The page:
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The record simply does not support Mas-Hamilton's argument that the previous six small purchases show that the agency intends to continue conducting small purchase procurements until its total requirement for combination security locks is satisfied. With regard to the prior procurements, as well as the current RFQ, the record shows that throughout the 27-month period from February 2, 19905 until May 5, 1992—when the agency was conducting its full and open competition for these locks—the DLA inventory manager received numerous, urgent customer requests for mechanical combination security locks. In providing locks in response to these requests, the agency's on-hand lock inventory level was repeatedly reduced to a quantity of only a few locks. Thus, on six occasions, in order to address the depleted stock levels, the agency issued each of the small purchases described by DLA as "emergency filler buys." In our view, the record shows that when each of these small purchase buys was made, DLA was unable to proceed with a fully competitive award since the agency was waiting for NCEL to finish the MIL-L-15596G lock sample testing. 6 Likewise, with respect to the current small purchase RFQ, the agency again explains that it needed locks to satisfy an immediate shortage until the agency could proceed with a fully competitive award under the RFP issued to replace the canceled 1990 RFP. Given the administrative delays encountered in moving forward with a new, unrestricted procurement, as well as the time involved in waiting for the lock sample testing to be completed, we find this explanation persuasive.? When an agency is faced with an urgent need while being simultaneously unable to proceed with a fully competitive award for that item, it may properly use the small purchase procedures as an interim means to procure its needs until a fully competitive award is possible. See Computer Resource Tech. Corp., B-218292, May 16, 1985, 85–1 CPD 1557 (use of small purchase procedures proper where record shows that agency was not in a position to issue a fully competitive solicitation for its critical requirements).8 Here, where the agency is using the small purchase procedures to make short-term, filler buys until a fully competitive award can be completed—and has since issued an unrestricted and fully competitive RFP to procure the remainder of its needs—we find the interim use of the small purchase procedures found in FAR Part 13 to be appropriate.Id.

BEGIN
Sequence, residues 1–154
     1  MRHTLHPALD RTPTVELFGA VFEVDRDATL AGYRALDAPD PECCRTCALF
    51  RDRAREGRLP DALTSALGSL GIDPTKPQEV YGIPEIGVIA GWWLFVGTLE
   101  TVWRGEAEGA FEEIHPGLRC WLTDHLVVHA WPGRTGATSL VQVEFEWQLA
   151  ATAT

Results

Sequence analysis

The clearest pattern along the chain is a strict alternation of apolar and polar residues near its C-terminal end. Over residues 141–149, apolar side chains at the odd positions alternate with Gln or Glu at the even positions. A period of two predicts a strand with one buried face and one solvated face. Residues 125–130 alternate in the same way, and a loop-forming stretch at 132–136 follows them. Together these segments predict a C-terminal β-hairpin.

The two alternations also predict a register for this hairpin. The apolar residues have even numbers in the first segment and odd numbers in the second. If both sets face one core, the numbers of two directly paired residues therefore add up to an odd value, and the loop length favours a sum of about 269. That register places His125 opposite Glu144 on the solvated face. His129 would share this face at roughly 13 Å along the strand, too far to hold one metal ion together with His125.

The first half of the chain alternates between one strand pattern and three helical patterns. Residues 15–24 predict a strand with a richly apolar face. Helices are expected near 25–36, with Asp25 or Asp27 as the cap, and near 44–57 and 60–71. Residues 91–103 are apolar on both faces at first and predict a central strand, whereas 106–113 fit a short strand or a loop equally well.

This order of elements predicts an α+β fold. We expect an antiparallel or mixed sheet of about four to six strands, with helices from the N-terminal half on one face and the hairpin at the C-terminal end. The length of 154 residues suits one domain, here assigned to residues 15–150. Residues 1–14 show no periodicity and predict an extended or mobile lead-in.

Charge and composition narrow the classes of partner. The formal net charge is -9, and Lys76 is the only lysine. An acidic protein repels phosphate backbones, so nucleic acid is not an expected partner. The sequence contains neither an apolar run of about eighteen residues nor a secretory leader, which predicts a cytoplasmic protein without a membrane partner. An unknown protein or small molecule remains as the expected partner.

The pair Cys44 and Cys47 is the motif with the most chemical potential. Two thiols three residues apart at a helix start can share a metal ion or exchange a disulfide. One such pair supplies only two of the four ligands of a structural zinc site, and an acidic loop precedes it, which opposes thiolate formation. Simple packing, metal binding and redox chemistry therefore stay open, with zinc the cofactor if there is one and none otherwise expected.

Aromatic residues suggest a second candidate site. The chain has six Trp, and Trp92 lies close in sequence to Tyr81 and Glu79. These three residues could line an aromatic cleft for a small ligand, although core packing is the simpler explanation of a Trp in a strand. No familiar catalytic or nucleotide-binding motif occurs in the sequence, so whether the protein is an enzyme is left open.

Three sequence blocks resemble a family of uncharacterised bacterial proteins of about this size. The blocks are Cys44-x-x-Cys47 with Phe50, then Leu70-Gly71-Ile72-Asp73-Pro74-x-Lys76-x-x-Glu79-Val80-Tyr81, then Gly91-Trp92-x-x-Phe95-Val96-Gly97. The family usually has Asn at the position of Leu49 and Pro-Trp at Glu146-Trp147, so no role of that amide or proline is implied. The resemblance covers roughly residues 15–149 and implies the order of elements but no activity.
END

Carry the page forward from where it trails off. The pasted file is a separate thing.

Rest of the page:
5 On this date, DLA procurement, inventory, and technical personnel began planning the 1990 RFP. 6 Although the sixth small purchase award was made after the unrestricted RFP was canceled, the record shows that the agency issued this RFQ on March 21-prior to the cancellation of the RFP. ? The record also shows that for the current RFQ, a larger critical need for 369 locks was reduced to a quantity of 337 in order to meet the $25,000 small purchase limitation. DLA explains that it believed that procuring a smaller quantity would preserve the largest maximum quantity for a fully competitive award. As stated above, since DLA was stymied in its ability to procure these locks competitively because locks were failing to meet the applicable specifications, and since there appears to be no intent to circumvent full and open competition, we will not object to DLA's actions. 8 There is no evidence—nor does the protester assert—that the agency's urgent need for these locks resulted from any lack of advance planning on the agency's part. 9 In addition, Mas-Hamilton makes no claim that the agency has improperly used the applicable small purchase procedures. Under these procedures, an agency is only required to solicit quotations from a reasonable number of qualified sources to promote competition to the maximum extent practicable. 10 U.S.C. § 2304(g)(4) (1988); FAR